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See You Up There: "Long live death!"

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- On the edge of tragicomedy, Albert Dupontel delivers an adaptation of Pierre Lemaître’s novel that is both very public and very personal

See You Up There: "Long live death!"

Adapting an excellent book is never easy, and bringing a plot to the big screen that took place a century ago, in the midst of the First World War, and then on the streets of Paris, is a real challenge in terms of production if you want to maintain any semblance of realism while paying homage to the original novel. Albert Dupontel has therefore taken a bold gamble with See You Up There [+see also:
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, an adaptation of the eponymous novel by Pierre Lemaître (Prix Goncourt 2013), which is due to be released today in French cinemas by Gaumont, after a special screening at San Sebastian. But the resulting film is definitely up to par, in which the severity of the subject area is made accessible to the general public thanks to the singularity of a director who has always been comfortable with black iconoclastic and desperate humour.

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It all begins in Morocco in November 1920 with a man being interviewed in a police station. It's Albert Maillard (played by the director), a veteran with "a long and complicated story" to tell. A story that begins on 9 November 1918, in the trenches of the First World War, facing Hill 113. The film dives onto the battlefield in a fabulous (if slightly rigged) aerial shot, and then onto the ground, following the trail of a dog sneaking between soldiers. "Nobody wanted to fight," because "dying last, is even more stupid than dying first," narrates Albert. No one except Lieutenant Pradelle (Laurent Laffite): "He frightened us even more than the Germans. War was his thing.” An addiction that pushes the officer to evade the orders of the imminent armistice, giving the go-ahead to one last assault using murderous trickery (essentially assassinating two of his soldiers), which Albert realises while almost being buried alive, before being saved by his companion Edouard Péricourt (Nahuel Perez Biscayart).The latter however is not so lucky, after an artillery shot to the face gives him a monstrous "bashed in mug.” Albert, forever grateful, is thus compelled to look after him, providing him with morphine and a false identity, as Edouard, crushed, would rather be considered dead than alive by his wealthy family (his sister Madeleine played by Emilie Dequenne, and his father played by Nils Arestrup - who has always rejected his artistic son).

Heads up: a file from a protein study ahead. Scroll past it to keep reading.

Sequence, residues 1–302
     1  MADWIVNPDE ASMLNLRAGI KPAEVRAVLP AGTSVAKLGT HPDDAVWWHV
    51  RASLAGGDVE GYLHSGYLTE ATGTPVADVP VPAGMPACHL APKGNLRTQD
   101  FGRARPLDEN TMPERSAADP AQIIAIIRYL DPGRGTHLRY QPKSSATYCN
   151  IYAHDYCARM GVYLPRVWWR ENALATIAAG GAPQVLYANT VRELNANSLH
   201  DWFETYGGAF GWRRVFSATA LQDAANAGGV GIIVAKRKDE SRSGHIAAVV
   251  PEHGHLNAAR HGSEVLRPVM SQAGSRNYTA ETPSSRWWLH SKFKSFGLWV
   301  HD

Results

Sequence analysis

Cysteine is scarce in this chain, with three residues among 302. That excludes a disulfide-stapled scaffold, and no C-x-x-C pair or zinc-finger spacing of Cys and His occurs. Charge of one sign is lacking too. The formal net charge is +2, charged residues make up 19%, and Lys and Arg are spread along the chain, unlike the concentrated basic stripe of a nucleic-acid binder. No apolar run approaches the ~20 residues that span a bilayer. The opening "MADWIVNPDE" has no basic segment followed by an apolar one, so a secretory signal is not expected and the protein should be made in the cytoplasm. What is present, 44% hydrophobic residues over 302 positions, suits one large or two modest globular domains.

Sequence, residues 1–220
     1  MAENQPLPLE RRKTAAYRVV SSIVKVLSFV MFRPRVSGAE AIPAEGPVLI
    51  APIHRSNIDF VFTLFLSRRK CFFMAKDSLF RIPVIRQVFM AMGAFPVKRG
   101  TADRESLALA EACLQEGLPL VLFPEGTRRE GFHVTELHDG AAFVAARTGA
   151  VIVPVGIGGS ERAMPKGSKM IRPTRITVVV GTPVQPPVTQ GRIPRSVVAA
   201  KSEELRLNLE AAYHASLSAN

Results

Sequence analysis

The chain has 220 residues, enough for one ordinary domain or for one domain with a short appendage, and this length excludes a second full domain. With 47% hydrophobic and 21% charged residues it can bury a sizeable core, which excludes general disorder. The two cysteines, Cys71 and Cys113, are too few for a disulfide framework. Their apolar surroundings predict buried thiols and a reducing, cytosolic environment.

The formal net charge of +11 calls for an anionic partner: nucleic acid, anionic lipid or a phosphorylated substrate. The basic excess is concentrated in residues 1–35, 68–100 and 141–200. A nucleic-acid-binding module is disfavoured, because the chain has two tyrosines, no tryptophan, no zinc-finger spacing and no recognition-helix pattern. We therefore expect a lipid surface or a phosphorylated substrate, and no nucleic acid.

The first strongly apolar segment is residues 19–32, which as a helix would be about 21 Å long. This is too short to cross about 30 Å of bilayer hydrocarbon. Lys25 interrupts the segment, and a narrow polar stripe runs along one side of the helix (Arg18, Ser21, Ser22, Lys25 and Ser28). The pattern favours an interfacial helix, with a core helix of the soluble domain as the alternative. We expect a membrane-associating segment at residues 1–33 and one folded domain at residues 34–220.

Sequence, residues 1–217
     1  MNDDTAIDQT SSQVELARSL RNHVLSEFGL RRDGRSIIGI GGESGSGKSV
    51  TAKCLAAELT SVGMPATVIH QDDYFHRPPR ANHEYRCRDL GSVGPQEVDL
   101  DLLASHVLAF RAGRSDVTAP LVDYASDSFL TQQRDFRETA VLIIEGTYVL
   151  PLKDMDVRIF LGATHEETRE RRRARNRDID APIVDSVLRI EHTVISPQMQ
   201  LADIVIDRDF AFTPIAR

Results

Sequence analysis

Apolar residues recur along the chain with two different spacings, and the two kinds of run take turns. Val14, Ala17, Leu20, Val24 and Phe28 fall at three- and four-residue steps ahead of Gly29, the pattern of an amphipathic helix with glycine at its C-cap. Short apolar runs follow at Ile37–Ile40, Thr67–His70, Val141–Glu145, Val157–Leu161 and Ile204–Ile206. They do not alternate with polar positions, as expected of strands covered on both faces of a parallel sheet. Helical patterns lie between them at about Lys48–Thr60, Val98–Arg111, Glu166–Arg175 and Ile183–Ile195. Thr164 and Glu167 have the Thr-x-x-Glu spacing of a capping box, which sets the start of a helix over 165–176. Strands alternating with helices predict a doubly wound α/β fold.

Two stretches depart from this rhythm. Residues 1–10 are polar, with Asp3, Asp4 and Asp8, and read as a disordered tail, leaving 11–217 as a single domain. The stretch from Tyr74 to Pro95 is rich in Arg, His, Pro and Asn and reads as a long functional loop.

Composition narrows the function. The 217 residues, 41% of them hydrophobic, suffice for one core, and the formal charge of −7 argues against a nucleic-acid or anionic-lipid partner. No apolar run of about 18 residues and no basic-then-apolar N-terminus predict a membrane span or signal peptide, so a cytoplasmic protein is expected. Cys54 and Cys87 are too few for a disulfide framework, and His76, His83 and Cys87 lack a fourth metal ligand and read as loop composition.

All of these characters will meet one year later in Paris, where the cynical Pradelle has since married Madeleine, and has turned his hand (with forceful skulduggery) to the business of the official burial of those killed in action, while Edouard convinces Albert to embark on a war memorial scam, drawing up catalogues and taking money for orders without honouring them. Both ruses built on the back of the dead, ultimately forcing their destinies to cross paths once more.

Cleverly reconstructing the era with special effects, See You Up There chooses to gradually move away from realism to focus on the emotions of its protagonists, marked by a war that carries on even after a return to civilian life. Bruised lives, profiteers of conflict, the frenzied beginning of the Roaring Twenties: this dive into history, whose caustic irony does not mask the deep human tragedy at every level of society, develops in a narrative style that is sometimes a little accelerated, but that does not detract from the general quality of a popular film that has flexibly adapted the extreme richness of the original literary material.

Produced by Catherine Bozorgan for ADCB Films, See You Up There is sold internationally by Gaumont.

(Translated from French)

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